But the way to reach and conquer evil in hearts of men like me is not outside in.

It’s a track altogether impossible.

It’s from inside out.

Thankfully, there is one who majors in the impossible realm. He flows (super)naturally and effortlessly through the hidden recesses of the dark heart.

Jesus is the only lasting answer for terrorism and terrorists, wars and rumors of wars, fanatics and bigots.

Jesus takes the impossibly hardened heart and melts it like wax with his blood covered grace.

It’s before him that all superheros and villains and everyone in between must bow in awe.

Where perfect justice and hope for a better world is not just a comic plotline, but eternal reality.

Bryan Daniels

Author: Bryan Daniels

I am a follower of Jesus, a husband to Jessica, and a father of three boys: Josiah, Gideon and Judah. I teach high school math as a job, read reformed theology as a hobby, and write this blog just for kicks. With the rest of my time I coach football and track.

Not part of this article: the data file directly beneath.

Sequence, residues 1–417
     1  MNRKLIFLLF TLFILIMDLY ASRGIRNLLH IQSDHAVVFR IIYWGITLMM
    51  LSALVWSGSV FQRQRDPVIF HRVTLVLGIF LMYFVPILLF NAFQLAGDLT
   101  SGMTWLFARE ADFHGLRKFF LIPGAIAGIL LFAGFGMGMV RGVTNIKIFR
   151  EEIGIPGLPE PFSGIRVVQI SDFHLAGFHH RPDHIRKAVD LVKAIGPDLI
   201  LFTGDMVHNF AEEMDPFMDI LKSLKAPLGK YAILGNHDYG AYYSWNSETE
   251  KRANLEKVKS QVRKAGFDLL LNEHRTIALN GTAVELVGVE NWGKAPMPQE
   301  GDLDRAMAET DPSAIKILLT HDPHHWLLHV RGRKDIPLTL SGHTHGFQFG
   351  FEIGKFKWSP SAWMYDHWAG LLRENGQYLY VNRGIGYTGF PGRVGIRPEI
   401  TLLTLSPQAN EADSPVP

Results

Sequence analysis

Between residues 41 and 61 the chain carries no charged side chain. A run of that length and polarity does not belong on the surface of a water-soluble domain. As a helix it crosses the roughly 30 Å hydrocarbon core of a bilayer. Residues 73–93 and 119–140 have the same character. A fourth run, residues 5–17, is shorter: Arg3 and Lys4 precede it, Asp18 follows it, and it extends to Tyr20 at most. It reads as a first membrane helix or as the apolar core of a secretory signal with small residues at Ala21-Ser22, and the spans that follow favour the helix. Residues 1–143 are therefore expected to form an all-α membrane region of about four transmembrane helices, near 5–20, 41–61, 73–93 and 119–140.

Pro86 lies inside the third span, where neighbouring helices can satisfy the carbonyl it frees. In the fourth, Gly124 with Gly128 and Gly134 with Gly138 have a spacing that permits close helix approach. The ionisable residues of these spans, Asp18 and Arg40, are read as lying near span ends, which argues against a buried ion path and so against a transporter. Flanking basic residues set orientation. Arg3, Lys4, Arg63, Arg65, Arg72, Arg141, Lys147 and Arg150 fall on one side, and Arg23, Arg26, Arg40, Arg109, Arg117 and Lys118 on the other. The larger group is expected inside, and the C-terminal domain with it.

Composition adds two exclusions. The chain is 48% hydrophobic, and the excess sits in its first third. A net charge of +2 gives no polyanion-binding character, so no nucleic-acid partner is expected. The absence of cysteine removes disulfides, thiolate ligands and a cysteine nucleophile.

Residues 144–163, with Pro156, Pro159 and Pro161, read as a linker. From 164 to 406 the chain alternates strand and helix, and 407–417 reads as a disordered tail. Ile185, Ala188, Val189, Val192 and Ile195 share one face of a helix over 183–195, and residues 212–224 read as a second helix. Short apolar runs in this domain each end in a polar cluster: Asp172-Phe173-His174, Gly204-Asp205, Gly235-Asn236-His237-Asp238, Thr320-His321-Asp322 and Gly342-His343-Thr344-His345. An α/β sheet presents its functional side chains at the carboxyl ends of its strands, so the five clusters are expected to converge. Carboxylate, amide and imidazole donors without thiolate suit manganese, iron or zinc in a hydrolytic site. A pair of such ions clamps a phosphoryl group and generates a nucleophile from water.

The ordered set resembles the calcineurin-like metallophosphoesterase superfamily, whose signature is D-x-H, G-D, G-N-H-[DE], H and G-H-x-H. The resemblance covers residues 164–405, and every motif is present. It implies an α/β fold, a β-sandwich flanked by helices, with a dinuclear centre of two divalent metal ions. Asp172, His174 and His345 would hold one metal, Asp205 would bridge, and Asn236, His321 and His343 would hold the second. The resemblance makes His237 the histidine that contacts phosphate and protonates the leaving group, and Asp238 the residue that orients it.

3 thoughts on “Dirt Wars and The Bane In Us All”

  1. Jesus, the ultimate good guy, who defeats the ultimate bad guy and eliminates all the seeds of discord he has sown in our hearts. Now if I could just quit fertilizing those seeds. Thanks for reminding me that my heart is cultivated by another.

  2. It’s too bad that Jesus isn’t everybody’s super-hero. There are many heroes in this world, but Jesus is the only one who deserves this “super’ title. Since I’ve made him my super-hero and recognize Satan as the world’s super-villain, life has started to make sense.